Produce departments have been trading in ho-hum marketing ideas for interactive strategies that reach shoppers in unexpected ways. Instead of keeping promotion of its local items in-store, Wegmans Food Markets, Rochester, NY, uses incoming produce as way to prompt visits. The retailer's Twitter handle, @ WegmansLocal, is specially focused on announcing local items arriving at each store. The steady
Produce departments have been trading in ho-hum marketing ideas for interactive strategies that reach shoppers in unexpected ways.
Instead of keeping promotion of its local items in-store, Wegmans Food Markets, Rochester, NY, uses incoming produce as way to prompt visits. The retailer's Twitter handle, @WegmansLocal, is specially focused on announcing local items arriving at each store. The steady trickle of fresh fruits and vegetables keep Wegmans' produce on followers' minds and may inspire customers to stop by the store specially for the tasty sounding items.
WegmansLocal tweets typically start with the store location and list specific produce coming into the store. The tweets are sometimes accompanied with grower details; for instance, earlier this month, WegmansLocal wrote, “#johnsoncity will receive fresh picked green peppers, plum & field grown tomatoes, organic tomatoes, and corn from Reeve's Farm today!”
In addition to calling attention to incoming products, Wegmans uses the account to answer customer questions. Wegmans recently explained to its Twitter followers that canned pumpkin hasn't been stocked yet because of a crop shortage and that an E. coli outbreak in Oregon caused the retailer to switch its strawberry sourcing to California.
PCC Natural Markets, Seattle, has also been engaging its shoppers in a dialogue about products. Earlier this month, PCC held the event “Taste PCC: A Local Food Celebration” at its Issaquah, Wash. store. At this event, shoppers had the opportunity to talk to local growers and ranchers and sample their products, such as fresh green peppers, carrots, cucumbers, pears and apples.
“An event like our ‘Taste PCC: A Local Food Celebration’ makes shoppers more aware of the importance of local agriculture and knowing from where our food comes,” said Sara Wash, community Relations Manager at PCC.
“Kids, especially, are encouraged to try new fruits and vegetables and realize that nearby family farms make possible what their own families eat at home.”
Parts of PCC's playful event celebrated fresh produce. The “Deli Throw Down” was an Iron Chef inspired event, in which PCC deli cooks were charged with creating a “new PCC deli classic” in 45 minutes. While the chefs could bring in favorite ingredients, the secret ingredient, fennel, was not revealed until the day of the competition.
The chefs created and demonstrated produce-heavy recipes such as a fennel salad with savoy cabbage, Bartlett pears, red peppers, green onions and carrots.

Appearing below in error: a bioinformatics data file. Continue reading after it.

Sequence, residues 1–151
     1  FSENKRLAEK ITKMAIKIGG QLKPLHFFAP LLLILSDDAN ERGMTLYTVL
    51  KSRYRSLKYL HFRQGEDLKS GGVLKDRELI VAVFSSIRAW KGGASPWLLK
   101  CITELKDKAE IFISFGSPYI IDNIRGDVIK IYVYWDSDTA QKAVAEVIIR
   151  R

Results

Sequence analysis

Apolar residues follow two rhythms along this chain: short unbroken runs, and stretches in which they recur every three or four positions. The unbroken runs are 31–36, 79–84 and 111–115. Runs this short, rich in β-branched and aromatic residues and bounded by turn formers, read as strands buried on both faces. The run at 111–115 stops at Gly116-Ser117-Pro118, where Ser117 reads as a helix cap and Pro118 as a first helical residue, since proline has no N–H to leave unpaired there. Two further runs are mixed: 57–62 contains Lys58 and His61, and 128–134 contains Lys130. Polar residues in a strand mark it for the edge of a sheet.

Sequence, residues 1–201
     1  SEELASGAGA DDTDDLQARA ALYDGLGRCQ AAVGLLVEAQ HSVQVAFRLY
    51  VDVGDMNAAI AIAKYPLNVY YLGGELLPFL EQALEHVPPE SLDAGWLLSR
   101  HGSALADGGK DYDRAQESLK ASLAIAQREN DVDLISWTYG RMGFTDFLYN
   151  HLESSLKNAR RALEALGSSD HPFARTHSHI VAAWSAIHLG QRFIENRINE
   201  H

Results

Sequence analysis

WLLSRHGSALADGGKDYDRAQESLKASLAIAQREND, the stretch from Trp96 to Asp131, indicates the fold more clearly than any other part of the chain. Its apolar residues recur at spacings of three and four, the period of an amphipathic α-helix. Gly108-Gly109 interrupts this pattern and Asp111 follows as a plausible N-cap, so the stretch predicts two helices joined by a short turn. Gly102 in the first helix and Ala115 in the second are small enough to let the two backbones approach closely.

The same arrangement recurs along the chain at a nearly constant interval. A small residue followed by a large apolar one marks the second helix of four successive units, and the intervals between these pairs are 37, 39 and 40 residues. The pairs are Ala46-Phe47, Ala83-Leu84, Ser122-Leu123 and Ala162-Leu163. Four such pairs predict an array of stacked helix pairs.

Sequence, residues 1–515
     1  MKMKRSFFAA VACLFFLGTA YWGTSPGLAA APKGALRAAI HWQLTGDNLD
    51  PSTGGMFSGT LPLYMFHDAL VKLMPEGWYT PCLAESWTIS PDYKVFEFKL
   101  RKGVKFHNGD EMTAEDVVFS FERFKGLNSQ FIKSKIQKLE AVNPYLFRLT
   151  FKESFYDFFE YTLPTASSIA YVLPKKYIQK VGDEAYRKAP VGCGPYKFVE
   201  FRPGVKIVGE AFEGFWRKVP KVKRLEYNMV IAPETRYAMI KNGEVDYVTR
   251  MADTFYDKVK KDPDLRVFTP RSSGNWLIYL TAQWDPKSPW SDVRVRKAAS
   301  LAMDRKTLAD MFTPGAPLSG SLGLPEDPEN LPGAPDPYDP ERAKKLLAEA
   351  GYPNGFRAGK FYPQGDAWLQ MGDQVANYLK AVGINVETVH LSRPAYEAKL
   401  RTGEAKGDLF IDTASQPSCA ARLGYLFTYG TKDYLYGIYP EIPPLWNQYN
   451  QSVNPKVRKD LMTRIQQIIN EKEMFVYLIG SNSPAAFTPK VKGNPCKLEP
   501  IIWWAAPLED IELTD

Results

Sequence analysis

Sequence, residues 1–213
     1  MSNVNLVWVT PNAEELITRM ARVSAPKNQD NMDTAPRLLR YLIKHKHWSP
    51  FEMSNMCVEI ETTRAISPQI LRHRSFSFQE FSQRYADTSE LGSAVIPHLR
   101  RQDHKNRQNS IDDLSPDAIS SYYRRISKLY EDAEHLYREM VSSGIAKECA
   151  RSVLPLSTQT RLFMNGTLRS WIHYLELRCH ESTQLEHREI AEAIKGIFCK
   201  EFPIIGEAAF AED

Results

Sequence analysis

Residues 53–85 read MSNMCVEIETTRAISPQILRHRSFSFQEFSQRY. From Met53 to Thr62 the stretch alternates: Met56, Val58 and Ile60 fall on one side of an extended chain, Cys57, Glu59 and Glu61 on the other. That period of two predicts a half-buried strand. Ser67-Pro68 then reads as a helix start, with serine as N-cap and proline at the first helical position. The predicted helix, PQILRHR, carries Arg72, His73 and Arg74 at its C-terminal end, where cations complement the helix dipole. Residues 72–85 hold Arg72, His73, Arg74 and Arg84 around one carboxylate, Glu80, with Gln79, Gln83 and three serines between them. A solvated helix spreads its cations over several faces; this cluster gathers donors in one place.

“Any opportunity to bring growers and shoppers together is good for sales,” said Wash. “Adding the fun of a live cooking competition featuring new ways to enjoy local produce inspires shoppers to try fruits and vegetables they might not typically buy.”
In addition to appealing to customers' sense of fun, NetCost Market has been trying to appeal to their sense of smell. A Brooklyn NetCost Market recently partnered with the scent marketing company ScentAir, Charlotte, N.C., to push scents through different store departments. Strawberry and grapefruit smells in the fruit section resulted in a 7% to 8% boost in fruit sales, Angelina Khristichenko, the NetCost merchandise coordinator, told the New York Post this summer.
While ScentAir anecdotally hears about sales boosts from their fragrance marketing, ScentAir Marketing Communications Manager Blake Rice told SN that the company's approach focuses more on shopper experience and creating a subconsciously pleasant shopping environment.
“The idea is when you're in that grocery store and you're walking down the aisle you smell bread, you don't go, ‘Gosh, I smell bread,’” Rice said.
ScentAir also did some trial work with Delhaize America's Bloom stores, experimenting with a more ambient smell, similar to ones that ScentAir typically uses with hospitality and retail clients.
While ScentAir's work with Bloom didn't continue past the trial stage, ScentAir later created a scent for Bloom's meat department last year.
Instead of creating ambient smells, Rice said the approach with NetCost's scent marketing was what ScentAir calls a thematic or billboard approach that advertises nearby products. Each scent cartridge lasts 300 hours, and ScentAir sends out a new one each month, leaving room for retailers to rotate fragrances.